|Mariah Hall Conaway|
I'm playing catch up with the 52 Ancestors challenge. It's funny how quickly you can get behind. The prompt word for week number five is "In The Census". I thought about what was the most interesting discovery that I've made using the census records. I decided to talk about the person that took the longest to find in the census for a particular year. I settled on my paternal 2x great-grandparents, Mariah Hall and Curry Conaway.
Mariah Hall was born in 1839 in Franklin County, Missouri to parents Myra and Alexander Hall. her husband, Curry Conaway was born in about 1820 in Kentucky. Parents unknown. My search for Mariah and Curry had taken me through all census years up to 1920. Except the 1870 census. That's where I was stuck. Family oral history says that Mariah was a slave in Missouri. If this was true, then the 1870 census would possibly hold clues to her slave owner and may help me get back even further. In this census for Franklin County, Missouri, I found Mariah's mother, Myra. Living next to her were Mariah's brother's, Rufus and Wesley, also a sister Sedonia Hall Taylor with her husband Charles. I searched that entire census, more then once. I tried every spelling of the name Conaway that I could think of. Absolutely could not find Mariah and Curry. I became so frustrated, I decided to take a break for awhile.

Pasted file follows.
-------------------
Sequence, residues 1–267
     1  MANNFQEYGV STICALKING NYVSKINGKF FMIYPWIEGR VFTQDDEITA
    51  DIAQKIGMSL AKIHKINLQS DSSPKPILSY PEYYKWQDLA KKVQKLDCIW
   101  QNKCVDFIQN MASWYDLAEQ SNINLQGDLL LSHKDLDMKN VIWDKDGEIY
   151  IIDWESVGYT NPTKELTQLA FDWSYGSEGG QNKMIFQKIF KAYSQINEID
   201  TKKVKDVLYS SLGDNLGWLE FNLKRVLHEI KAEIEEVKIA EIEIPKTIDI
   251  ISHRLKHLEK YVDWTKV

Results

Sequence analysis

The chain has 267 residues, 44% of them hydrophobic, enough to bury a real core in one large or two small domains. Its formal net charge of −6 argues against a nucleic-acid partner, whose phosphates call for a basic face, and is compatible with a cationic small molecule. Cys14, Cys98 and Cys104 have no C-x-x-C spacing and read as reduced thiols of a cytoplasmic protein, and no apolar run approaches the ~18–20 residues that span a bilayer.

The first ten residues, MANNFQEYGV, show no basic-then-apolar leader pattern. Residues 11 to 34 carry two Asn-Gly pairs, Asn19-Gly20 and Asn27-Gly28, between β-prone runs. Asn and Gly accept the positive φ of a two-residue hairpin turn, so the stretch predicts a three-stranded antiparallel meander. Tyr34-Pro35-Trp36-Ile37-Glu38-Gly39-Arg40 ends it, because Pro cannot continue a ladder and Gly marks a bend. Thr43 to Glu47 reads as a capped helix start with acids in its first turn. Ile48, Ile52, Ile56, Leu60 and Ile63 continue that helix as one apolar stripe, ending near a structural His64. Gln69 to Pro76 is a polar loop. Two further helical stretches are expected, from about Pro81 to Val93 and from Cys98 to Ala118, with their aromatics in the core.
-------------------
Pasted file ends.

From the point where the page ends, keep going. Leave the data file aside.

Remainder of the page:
After a few years, I decided to search the 1870 again. By this time I had read an article about using the Nettie Rule. I thought is was so interesting. The idea is to look at the census, ten households forward, ten households back. Paying attention to first names.
I searched the 1870 Franklin county, Missouri census again. Looking a little closer this time. Paying attention to first names as well as surnames, and there at the at the bottom of the page, names terribly misspelled, was Curry and Mariah with their oldest son Joseph. They had been there the whole time. Only their last name was not Conaway. It was Hunter! Apparently Curry changed his name from Hunter to Conaway. This led me to find Curry's former slave owner, a man named Valentine Hunter. Curry was given his freedom in 1849 along with several others. I later wrote a blog post about this discovery.
Searching for Curry and Mariah taught me a lesson in my research. Not only should you pay attention to surnames, but pay attention to those fist names as well.
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